This is the story of my four day trip on Port Phillip Bay near
Melbourne, Victoria, Australia in mid April 2009. The trip started
from Footscray Melbourne at 5.30pm on Monday. I went upriver 20
minutes and tied up next to a pontoon, in order to gain experience
in sleeping with the boat. The next day I motored to Williamstown
and then to Port Arlington. On the Wednesday I had a very relaxing
day broad reaching in sunny skies to the Werribee river, where
I spent the night. The next day Thursday was a very difficult
trip going upwind and into a very steep vicious and fast moving
chop with a 2 to 3 ft swell with some larger waves. I got back
to Footscray at 5.45pm tired and weary but happy to be home.
The boat suffered a structural failure with a 50cm crack between
the hull bottom and side. This was my fault. The heavy loads caused
by the pounding the boat endured were greater than the boat could
handle. The reason for this is as follows. The gusset at front
left of the hull was secured with only 1 screw, whereas other
gussets were secured with four screws. The glue area of the gusset
||Note the 2hp Outboard
When the boat was made, fibreglass went over the bottom and onto
the sides. Unfortunately I did not create a radius on the chine
before hand. Thus when I added the fibreglass I got a rough uneven
lay with wrinkles. Then in an act of silliness I smoothed the
chine to give a nice radius, in the process grinding back the
fibreglass, I did not subsequently apply fibreglass over the modified
joint. Thus there was no continuous fibreglass between the sides
and bottom. Fiberglas inside and outside the joint would have
||Lots of gear
I have a dislike of stitch and glue. I know it can work well,
I have a personal preference for stringer frame. If I had a one
inch square chine log in the joint and secured with screws every
5 inches I feel it would have been much stronger. The crack can
be and will be repaired. The gusset will be replaced and secured
with several screws. I will grind back the paint and fibreglass
the joint. The trouble is that the number of changes required
may be adding good effort after bad. Perhaps it is best to deem
that my rowboat is suited to it's original purpose (rowing) and
is not optimised for as a rough weather multihull.
Notes on the Thursday Trip getting back home
This day started early with me waking up with the morning sun.
I spent a fairly good night sleeping in the boat, tied up to an
old post. The banks were muddy and steep and did not invite pulling
up there. It took a while to get organised getting setup to sleep
the night without being able to exit the boat. In the morning
I went to the wharf and spent a good forty minutes organising
my gear for the trip home.
||Pretty as the picture
The main thing to realise about this day was that to get home
I had to go NE and the wind was coming from the NE. Although fresh
in the morning it was not extreme, later it became awful. I started
by following the coast to Werribee South where I pulled onto the
beach and refueled and stretched my legs, spoke to a fellow who
said that as I was going out for four days it was obviously not
my first trip, I replied with a long ummmmmhhh.
Next things started to get a bit tricky. I passed with slight
headland at Werribee South. It was here that I went over a marked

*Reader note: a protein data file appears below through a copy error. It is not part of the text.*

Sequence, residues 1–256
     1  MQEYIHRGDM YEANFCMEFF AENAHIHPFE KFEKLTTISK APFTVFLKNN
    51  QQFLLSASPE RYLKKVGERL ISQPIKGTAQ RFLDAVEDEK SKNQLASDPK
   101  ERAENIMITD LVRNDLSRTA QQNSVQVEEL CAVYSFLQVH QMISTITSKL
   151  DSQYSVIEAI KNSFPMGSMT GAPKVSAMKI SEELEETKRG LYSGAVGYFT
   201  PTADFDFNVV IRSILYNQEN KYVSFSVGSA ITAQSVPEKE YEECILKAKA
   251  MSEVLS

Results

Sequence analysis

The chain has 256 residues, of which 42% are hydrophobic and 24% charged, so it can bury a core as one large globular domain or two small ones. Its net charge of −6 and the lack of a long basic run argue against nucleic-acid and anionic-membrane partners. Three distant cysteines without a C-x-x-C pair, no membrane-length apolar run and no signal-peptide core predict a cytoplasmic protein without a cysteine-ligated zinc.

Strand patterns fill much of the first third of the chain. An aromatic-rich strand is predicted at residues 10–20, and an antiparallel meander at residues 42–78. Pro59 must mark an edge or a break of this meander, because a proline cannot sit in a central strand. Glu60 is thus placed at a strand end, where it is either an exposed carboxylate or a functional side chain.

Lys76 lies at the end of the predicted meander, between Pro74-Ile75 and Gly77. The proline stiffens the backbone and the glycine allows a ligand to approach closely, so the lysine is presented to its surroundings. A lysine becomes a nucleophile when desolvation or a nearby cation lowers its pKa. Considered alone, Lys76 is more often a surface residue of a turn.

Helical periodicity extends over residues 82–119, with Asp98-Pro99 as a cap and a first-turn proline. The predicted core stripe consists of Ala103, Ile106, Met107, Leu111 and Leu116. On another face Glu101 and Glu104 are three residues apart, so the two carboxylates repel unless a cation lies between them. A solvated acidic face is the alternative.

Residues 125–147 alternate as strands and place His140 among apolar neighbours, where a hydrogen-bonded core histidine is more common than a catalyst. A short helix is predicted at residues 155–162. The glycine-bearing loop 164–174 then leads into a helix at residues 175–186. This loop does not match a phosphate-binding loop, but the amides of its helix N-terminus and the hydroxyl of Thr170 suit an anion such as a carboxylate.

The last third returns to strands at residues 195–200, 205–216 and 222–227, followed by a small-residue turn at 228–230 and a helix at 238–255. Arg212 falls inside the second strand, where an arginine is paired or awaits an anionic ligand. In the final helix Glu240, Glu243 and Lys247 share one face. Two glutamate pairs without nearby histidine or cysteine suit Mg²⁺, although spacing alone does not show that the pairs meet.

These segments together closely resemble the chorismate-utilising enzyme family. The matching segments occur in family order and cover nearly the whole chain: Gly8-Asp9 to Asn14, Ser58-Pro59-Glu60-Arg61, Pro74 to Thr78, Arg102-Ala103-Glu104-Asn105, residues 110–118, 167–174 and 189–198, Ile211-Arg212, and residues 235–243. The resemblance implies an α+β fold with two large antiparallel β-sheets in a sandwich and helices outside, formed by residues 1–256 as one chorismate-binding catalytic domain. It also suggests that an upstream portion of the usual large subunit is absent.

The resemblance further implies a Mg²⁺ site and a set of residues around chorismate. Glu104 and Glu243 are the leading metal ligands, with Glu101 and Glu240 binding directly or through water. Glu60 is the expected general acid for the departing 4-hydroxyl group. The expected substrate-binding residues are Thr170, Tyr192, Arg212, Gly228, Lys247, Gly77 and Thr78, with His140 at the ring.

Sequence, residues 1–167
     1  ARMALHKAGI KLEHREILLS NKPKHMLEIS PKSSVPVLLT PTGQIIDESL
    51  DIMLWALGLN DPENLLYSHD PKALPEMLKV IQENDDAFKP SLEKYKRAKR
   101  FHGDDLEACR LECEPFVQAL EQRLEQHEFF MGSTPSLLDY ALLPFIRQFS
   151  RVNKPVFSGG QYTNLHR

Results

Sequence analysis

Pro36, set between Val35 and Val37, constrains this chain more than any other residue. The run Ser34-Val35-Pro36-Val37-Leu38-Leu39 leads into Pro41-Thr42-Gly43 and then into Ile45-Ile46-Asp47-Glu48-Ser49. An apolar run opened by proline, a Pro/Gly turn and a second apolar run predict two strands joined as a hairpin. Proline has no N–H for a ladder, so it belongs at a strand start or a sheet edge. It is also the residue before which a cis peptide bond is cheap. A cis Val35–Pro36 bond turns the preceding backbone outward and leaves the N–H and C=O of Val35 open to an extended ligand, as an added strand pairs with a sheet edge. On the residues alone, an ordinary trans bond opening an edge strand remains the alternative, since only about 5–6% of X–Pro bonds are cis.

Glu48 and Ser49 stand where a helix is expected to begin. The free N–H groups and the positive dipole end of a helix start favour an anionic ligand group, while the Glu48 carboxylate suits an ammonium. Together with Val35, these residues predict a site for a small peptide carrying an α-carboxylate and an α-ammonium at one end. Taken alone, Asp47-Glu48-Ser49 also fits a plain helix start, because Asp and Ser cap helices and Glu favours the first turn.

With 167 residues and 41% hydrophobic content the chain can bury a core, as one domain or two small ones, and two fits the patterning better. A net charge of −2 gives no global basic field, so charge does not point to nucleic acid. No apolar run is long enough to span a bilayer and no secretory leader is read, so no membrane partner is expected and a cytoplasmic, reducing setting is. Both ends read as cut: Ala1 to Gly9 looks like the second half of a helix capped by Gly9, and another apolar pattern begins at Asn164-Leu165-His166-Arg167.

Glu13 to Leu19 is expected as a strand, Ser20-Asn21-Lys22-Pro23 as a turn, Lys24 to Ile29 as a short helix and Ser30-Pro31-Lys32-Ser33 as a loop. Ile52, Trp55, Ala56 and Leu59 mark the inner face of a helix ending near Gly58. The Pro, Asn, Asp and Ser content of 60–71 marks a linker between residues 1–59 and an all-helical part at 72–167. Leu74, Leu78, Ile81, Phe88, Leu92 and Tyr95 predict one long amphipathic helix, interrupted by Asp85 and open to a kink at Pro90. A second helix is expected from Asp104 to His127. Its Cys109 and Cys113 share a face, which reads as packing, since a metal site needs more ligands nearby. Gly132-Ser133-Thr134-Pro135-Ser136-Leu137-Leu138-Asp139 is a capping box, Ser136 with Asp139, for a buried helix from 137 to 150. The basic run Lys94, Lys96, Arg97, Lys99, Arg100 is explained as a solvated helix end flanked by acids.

shoal and lost my rudder. This was entirely my fault as the shoal
was marked on my chart but I was not reading it with care. The
loss of my rudder meant that I had to steer with the motor and
not with the rudder and fixed motor as I prefer. This was not
the disaster it may first appear as I could still steer with sails
and using my paddle as a steering oar. Thus I still had a contingency
if the motor failed.
||A shot of the boat and the beach
I was angry with myself for not checking the synoptic chart to
determine from which direction the wind would be coming from on
that day. If I had looked at the chart, and made an estimate of
where the pressure systems would be in 3 days or so, I ought have
realised that winds would be from the North East on the day and
not from the South West as I had assumed. In Melbourne, the strong
winds usually come from the SW.
The next landmark of significance was Point Cook. On the west
side I was protected by the headland from the wind and the waves,
it was a bit breezy, but not too bad. After passing Point Cook
I new I would be exposed to the full force of the wind and waves.
I refueled again from the Jerry Can. I was always worried about
water from the funnel getting into the fuel and stopping the motor.
I have to say the Yamaha was faultless. Next I went for a walk
to the homestead to check it out and have a look at the bay further
on. I was able to spy a buoy a mile or so out, that marked a shoal
I had to stay clear of.
||The Chart - needs laminating.
I decided to go in a straight line from Point Cook to Williamstown,
in order to minimise the time spent in these conditions. It was
a bit tough. I realised that I was getting tired physically so
I made a point of warning thermals, a beanie, a polar fleece,
an oilskin, a jumper and a lifejacket. I was also careful to keep
up my fluids and energy levels, by drinking water and eating more
than normal as a contingency.
After passing Point Cook I wanted to keep well clear of the shoal,
this meant going out 2km from the beach. It also meant I was exposed
to waves that had many kilometres to gain height. In these conditions
the boat was pounding very heavily, going boom, boom, boom every
few seconds. The spray was bad coming back at me, even though
the boat is 18ft long. I eventually passed the marker but the
waves were slowing my speed, and I was not keen to refuel in the
middle of those conditions.
At this stage I noticed the boat seemed to be getting a lot of
water. At this point I just assumed it was heavy spray, though
I learned later I had a structural failure. I was bailing regularly,
and after a minute or so, the water would be under control and
I would forget about it for a while. The outrigger was performing
well, cutting through the waves, whilst the dory hull was going
over waves and pounding. The shape of the hull was badly suited
to those conditions. The waves were very steep, closely spaced,
moving quickly. The bow would hit a wave, go up a couple of feet
and then slam down. Because of the combination of my speed into
the waves, and the closely spaced fast moving waves, I was hitting
a wave every two seconds or so. It should be pointed out that
I did not have many options. I have no car to pick up the boat
from a different location, and I had a flight booked for early
the next day
Things started to get more difficult. I told myself that if I
could keep going I would get into the lee of Williamstown, where
the wind and waves would be less and where I could have a rest.
I kept of going through, thinking that it was more psychological
than physical, and thus I had to use logic and not emotions. If
I could go one km, I could make 10. About 1km after passing the
shoal I got hit by a big wave. It was steep sided, pyramidal shape
and about 4ft high. I did not see it coming and it hit me partially
side-on. Just before it hit I realised that this was going to